Goa to make HIV test mandatory for couples before marriage  

New Delhi: In one of such major decisions by any state government, Goa on Tuesday announced that it is planning to make the HIV test mandatory for couples before the registration of marriage.

 

Speaking to reporters, Goa’s health minister Viswajit Rane said that the state government is also planning to bring a legislation in this regard.

 

“The plan is to make the HIV test mandatory for couples before registration of marriage in Goa and in this regard the Goa law department is vetting the proposal” he said.

 

The law once prepared will be tabled in the State Assembly so that it can be mooted in the house and accordingly passed during the upcoming monsoon session.

 

In 2006, the then Congress-led state government proposed similar legislation which met with opposition from several quarters.

HIV is a virus that targets and alters the immune system, increasing the risk and impact of other infections and diseases. Without treatment, the infection might progress to an advanced disease stage called AIDS.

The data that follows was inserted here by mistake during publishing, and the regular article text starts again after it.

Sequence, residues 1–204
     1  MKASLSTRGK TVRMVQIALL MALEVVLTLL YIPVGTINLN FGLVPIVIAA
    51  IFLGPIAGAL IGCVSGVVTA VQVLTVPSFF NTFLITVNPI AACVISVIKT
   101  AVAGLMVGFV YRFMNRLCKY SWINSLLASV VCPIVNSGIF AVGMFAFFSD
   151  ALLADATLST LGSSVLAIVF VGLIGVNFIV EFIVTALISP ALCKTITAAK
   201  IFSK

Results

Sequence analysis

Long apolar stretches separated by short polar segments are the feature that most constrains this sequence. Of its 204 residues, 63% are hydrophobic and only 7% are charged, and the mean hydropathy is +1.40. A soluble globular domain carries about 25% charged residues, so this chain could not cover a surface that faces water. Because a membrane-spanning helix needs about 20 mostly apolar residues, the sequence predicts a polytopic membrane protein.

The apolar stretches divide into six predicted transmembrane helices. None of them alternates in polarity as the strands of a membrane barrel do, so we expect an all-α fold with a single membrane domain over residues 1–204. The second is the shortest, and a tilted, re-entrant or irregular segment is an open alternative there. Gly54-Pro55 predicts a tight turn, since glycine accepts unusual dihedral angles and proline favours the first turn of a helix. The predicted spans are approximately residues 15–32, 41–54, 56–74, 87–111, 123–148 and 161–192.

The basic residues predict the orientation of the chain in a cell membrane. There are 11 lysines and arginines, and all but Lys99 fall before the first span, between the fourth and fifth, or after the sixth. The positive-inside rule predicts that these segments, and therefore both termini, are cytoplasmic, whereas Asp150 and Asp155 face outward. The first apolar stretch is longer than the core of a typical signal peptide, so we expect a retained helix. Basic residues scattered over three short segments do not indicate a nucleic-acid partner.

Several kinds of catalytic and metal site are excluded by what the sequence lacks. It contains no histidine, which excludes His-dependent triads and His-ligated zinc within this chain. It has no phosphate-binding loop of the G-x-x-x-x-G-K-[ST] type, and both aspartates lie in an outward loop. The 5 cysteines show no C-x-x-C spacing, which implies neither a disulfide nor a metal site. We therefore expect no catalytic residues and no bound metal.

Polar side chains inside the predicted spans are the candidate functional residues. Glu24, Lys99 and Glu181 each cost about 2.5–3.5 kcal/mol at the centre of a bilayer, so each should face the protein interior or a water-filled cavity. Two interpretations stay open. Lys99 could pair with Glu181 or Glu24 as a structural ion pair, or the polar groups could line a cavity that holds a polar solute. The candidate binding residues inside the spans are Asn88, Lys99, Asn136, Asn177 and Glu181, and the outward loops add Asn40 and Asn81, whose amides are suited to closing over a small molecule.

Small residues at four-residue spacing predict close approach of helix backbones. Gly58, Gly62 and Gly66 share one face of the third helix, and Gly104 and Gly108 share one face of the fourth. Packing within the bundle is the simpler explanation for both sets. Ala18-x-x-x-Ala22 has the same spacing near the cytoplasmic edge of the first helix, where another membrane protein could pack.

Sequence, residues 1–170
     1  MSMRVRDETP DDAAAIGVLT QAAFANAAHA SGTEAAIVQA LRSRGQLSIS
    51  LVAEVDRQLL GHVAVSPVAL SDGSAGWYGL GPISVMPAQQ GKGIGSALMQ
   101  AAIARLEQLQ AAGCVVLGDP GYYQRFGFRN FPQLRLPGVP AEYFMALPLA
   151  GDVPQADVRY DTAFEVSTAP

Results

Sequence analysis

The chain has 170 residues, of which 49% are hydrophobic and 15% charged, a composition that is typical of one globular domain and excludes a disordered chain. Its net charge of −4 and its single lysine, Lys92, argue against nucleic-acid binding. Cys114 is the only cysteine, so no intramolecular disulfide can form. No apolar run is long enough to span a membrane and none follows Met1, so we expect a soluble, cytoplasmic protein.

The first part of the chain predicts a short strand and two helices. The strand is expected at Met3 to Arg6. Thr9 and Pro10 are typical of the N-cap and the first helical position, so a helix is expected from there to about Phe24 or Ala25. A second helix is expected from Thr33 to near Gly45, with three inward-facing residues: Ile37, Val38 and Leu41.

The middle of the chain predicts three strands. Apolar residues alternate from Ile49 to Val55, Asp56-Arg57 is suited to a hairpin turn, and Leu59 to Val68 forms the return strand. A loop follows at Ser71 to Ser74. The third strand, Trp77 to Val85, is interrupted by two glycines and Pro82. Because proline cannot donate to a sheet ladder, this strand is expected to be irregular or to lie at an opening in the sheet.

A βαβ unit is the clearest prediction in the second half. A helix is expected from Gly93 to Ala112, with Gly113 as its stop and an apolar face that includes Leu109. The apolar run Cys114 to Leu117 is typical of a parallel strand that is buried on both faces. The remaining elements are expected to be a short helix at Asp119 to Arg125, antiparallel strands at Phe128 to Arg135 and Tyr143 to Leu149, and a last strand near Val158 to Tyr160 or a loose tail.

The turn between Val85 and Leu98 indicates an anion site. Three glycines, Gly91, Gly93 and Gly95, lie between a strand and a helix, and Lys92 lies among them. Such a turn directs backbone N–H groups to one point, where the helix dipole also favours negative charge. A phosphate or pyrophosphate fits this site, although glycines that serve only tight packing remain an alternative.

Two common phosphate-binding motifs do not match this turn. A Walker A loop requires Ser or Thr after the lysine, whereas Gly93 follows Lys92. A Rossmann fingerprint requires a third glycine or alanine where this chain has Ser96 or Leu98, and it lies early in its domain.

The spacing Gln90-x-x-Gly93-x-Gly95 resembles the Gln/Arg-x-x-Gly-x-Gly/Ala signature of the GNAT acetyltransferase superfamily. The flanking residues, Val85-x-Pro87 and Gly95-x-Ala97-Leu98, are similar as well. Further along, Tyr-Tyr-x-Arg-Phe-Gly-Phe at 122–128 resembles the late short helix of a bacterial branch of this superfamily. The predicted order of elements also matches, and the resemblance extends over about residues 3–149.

However, modern advances in treatment mean that people living with HIV in countries with good access to healthcare very rarely develop AIDS once they are receiving treatment.

The life expectancy of a person who carries the HIV virus is now approaching that of a person that tests negative for the virus, as long as they adhere to a combination of medications called antiretroviral therapy (ART) on an ongoing basis.

According to various studies, India has the third largest HIV epidemic in the world, with 2.1 million people living with HIV.

India’s epidemic is concentrated among key affected populations including sex workers and men who have sex with men.

The National AIDS Control Programme, however, has made particular efforts to reach these two high-risk groups with HIV interventions.

Compared to neighbouring countries, India has made good progress in reducing new HIV infections by half since 2001.

Despite free antiretroviral treatment being available, uptake remains low as many people face difficulty in accessing clinics, according to studies

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